Images by Aran Darling

Walking While You Work

Treadmill desks lower resting heart rates (and increase typos)

“Yes, you could fall off of it, but I think everybody here’s pretty astute,” says Matthew D. Rowekamp, vice president and manager of architecture and national accounts with Fifth Third Bank. “If they can walk from here to the bathroom, they should be able to walk on this thing.”

He’s talking about his office’s treadmill desk, which was supplied by upper management as an experiment. Intended to be shared by employees, the station has a network computer and a phone with a headset. Members of his department rotate through using it over the course of the day. Staff from other departments have stopped in to try it.

Rowekamp says he’s found that his optimum speed is about 1.8 mph. “My typing skills aren’t that great to begin with. I can answer routine emails, but it’s easier to use for things like a conference call, especially if you’re just listening. If you’re in a group educational training, or a webinar, it’s great for that; you’re just listening and watching a screen, answering questions by clicking a mouse every once in a while.”

1.8 mph. That means Rowekamp could potentially walk 14 miles in his 8-hour workday.

More importantly, however, it’s that he’s not sitting. We’ve heard that obesity is an epidemic, but multiple studies also show that sitting increases the chance of death; compared to active people, mortality for people who sit more than 11 hours per day increase their risk by 40 percent. Sitting more than eight hours a day increases that risk by 15 percent. All of this means that related illness and discomfort reduce employee performance, increase absences and raise health care costs.

Other research about treadmill desks shows that fine motor skills such as keyboarding can diminish (thus causing quite a few typos), but cognitive abilities such as problem-solving will improve.

In their home office, Mike Sliter and his wife, Katharine, have two super-tweaky walking work stations on facing walls. The $5,000 rigs have electronic height adjustments for both the desk and the treadmill. A sliding control panel tucked under the desktop tracks speed, distance walked and calories burned.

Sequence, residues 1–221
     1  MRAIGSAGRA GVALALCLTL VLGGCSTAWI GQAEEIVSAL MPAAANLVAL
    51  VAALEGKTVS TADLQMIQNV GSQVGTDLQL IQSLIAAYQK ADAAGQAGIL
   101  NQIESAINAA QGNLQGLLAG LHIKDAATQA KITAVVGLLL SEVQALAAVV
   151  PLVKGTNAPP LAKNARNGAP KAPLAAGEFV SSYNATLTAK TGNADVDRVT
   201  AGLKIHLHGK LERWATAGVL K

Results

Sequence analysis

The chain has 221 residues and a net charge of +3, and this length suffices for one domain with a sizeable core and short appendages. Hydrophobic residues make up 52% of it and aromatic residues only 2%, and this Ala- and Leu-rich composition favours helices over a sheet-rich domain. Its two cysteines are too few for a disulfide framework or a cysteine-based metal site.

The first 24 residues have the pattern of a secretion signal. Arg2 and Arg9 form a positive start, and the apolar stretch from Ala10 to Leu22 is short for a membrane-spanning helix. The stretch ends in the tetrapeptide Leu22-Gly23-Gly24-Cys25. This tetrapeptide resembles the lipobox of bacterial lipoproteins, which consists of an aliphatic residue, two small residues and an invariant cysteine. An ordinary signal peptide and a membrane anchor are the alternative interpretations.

On days when Mike doesn’t run outside or go to the gym, he’ll average six to eight miles a day walking at 1.2 mph, which is his preferred speed.

Sliter first used a treadmill desk when he was an assistant professor of psychology at Indiana University and Purdue University (IUPUI). Soon thereafter, he started doing research into the potential benefits of this kind of active workstation. One study he co-authored found users of treadmill desks “had higher satisfaction and arousal and experienced less boredom and stress” than people who sat at a traditional desk. (Here “arousal” means being more engaged and interested in the work.) Employers hope that this kind of profile leads to a more productive worker.

But despite the obvious images that the treadmill desk conjures — yes, the proverbial rat on a treadmill — Sliter says that being active and working aren’t as incompatible as they might seem.

The only drawback he’s found?

Chafing.

“I’m a bigger guy. I have pretty decent-sized thighs left over from playing football and working out, so when I walk they tend to rub a little bit,” he says. “It’s important to wear the right kind of underwear, the cotton stuff. Wicking shorts. I’ve used Bodyglide. If I know I’m going to be walking for three or four hours, it gets a little uncomfortable. I smear some of that on and it helps.”

Margo Pierce is a science writer poking her nose climate change, earth science, neurology and anything else that piques her curiosity. Find her at www.writerdiva.com.

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